Optical image stabilisation is now available in the Pixel 2 XL, helping achieve better macro and low light photography, but things get smart when the optical image stabilisation is combined with the handset's electronic image stabilisation. Machine learning stitches the two techniques together and smooths out any bumps and jerks when recording video; if you need to shoot a video one handed or after a lot of coffee, the smart stabilisation really works well to iron out any jittery movement.
And the machine learning doesn't stop there. When taking stills, the Pixel 2 XL captures multiple pictures from a single shot and uses smart algorithms to form the best possible picture out of the images. It also records a three second clip to create a form of 'live photo' with smartly selected beginning and end points for the clips.
The Pixel 2 XL’s camera also has a novel approach to snapping photos with impressive depth of field, thanks to the use of a lens that has pixels made up of two smaller pixels, forming a dual pixel camera that uses machine learning to measure the depth of pictures, without needing a second lens like the OnePlus 5 or iPhone 8 Plus.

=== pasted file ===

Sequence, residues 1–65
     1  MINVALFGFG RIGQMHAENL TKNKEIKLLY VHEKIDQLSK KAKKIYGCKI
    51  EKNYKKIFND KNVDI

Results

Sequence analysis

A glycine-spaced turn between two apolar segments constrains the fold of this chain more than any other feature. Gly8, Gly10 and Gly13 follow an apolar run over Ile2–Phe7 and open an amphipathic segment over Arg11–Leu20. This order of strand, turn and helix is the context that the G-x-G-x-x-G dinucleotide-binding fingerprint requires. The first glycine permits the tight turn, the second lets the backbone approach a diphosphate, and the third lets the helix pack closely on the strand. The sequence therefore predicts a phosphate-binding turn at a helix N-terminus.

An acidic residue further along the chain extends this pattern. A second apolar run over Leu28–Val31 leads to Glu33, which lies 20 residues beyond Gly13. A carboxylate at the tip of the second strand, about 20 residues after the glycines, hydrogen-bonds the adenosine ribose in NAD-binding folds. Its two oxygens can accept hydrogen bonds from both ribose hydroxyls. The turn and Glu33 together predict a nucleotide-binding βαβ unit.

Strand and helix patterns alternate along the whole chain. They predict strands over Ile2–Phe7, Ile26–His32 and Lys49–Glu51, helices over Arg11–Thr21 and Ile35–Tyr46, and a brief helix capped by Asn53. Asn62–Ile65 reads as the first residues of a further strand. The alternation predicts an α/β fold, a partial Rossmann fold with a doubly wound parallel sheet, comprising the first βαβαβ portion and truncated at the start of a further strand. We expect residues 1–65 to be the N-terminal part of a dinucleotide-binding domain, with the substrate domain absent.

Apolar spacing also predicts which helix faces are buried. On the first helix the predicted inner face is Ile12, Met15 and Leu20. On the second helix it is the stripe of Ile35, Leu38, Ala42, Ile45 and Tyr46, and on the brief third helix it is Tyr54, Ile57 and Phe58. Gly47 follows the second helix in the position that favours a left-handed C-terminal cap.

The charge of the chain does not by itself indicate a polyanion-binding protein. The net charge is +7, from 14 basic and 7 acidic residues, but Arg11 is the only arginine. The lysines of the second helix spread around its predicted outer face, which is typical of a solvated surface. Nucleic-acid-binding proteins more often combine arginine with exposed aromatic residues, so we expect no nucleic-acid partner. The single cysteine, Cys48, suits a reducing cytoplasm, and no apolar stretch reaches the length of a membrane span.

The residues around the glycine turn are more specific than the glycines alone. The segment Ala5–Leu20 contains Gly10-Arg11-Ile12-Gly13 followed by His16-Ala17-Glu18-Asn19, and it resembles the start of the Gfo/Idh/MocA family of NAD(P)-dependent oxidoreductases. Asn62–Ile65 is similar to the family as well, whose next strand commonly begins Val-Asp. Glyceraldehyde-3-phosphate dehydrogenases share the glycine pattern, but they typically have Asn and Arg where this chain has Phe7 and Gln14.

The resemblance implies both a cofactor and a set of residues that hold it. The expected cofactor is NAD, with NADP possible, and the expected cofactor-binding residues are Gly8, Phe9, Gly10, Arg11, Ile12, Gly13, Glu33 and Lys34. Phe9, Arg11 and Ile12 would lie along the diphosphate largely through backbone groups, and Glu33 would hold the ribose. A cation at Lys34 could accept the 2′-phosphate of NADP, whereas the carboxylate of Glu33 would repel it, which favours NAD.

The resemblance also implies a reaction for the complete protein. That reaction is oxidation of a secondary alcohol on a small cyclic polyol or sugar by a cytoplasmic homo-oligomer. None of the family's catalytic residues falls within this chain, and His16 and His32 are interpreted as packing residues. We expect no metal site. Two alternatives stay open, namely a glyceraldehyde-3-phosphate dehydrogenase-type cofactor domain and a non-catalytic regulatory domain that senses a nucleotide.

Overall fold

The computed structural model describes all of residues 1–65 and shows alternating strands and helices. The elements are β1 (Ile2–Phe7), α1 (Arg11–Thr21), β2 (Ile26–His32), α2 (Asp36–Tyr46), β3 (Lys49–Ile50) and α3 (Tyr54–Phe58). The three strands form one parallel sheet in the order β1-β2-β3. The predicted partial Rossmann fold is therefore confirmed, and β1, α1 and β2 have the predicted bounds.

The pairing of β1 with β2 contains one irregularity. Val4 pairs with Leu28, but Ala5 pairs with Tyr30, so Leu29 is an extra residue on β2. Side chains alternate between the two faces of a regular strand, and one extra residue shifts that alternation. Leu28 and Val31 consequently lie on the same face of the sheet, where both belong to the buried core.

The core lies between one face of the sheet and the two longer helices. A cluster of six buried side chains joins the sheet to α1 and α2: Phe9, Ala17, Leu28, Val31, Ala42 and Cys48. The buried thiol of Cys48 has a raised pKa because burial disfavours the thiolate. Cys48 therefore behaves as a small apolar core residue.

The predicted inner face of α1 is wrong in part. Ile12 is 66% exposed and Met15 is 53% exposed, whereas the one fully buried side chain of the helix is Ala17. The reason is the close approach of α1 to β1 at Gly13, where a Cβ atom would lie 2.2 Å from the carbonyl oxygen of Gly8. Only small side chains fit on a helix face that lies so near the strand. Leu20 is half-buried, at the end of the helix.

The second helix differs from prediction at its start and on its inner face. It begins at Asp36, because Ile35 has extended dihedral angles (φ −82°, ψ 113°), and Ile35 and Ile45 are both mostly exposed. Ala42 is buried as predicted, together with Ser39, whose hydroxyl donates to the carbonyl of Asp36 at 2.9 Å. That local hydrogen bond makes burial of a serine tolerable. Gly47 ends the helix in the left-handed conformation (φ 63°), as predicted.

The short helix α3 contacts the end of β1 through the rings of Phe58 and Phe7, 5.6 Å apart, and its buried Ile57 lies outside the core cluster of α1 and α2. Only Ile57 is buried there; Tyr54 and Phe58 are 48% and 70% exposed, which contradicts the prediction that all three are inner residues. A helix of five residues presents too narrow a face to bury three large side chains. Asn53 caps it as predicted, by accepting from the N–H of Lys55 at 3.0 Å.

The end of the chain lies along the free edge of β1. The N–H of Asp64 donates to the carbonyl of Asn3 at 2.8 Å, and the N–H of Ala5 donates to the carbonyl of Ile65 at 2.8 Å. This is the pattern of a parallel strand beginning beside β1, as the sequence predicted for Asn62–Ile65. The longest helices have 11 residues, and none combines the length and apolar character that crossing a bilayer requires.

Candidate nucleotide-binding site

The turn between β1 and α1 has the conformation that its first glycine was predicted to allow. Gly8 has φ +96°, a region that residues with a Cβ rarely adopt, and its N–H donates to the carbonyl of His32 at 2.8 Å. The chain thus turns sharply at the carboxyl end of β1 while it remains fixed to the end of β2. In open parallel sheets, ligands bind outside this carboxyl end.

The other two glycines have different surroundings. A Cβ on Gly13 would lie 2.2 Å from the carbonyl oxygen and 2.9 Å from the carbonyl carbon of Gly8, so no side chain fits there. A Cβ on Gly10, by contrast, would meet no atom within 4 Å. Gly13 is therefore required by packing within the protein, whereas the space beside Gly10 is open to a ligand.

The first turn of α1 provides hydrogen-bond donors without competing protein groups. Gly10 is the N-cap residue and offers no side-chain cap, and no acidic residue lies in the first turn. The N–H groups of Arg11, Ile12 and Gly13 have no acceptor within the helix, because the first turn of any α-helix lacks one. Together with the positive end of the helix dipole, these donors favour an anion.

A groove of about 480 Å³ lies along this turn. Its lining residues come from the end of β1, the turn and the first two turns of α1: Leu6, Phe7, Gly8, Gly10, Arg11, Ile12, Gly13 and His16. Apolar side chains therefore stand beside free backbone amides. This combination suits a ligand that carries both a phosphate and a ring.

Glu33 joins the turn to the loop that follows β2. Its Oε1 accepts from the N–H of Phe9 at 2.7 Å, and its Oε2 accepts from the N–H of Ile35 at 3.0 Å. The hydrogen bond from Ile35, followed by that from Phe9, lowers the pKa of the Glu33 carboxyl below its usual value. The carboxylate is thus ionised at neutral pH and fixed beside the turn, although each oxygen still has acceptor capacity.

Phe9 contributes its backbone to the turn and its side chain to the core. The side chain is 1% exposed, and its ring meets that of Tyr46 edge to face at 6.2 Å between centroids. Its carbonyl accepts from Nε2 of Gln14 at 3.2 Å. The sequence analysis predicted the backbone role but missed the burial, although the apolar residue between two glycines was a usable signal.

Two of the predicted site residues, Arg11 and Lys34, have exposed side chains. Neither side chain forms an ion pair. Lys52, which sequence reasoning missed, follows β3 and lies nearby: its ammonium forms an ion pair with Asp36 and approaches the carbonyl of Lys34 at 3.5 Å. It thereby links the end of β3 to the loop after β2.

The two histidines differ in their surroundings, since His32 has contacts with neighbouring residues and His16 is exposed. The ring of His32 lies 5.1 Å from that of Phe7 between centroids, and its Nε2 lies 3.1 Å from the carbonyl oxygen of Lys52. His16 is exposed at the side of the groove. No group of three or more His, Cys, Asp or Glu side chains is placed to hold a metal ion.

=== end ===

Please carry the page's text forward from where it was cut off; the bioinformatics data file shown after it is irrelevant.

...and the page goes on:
This is the tech behind the Pixel 2 XL's portrait mode, which helps keep the subject of a photo in focus while artistically blurring the background. Working on the 8MP front-facing camera as well, the Portrait mode produces some very nice pictures that achieve some of the fancy bokeh effects that would normally be the domain of DSLR cameras.
Without a doubt, the Pixel 2 XL has one of the best cameras out of any smartphone, and if Google can improve the video compression then that camera will go from excellent to sublime.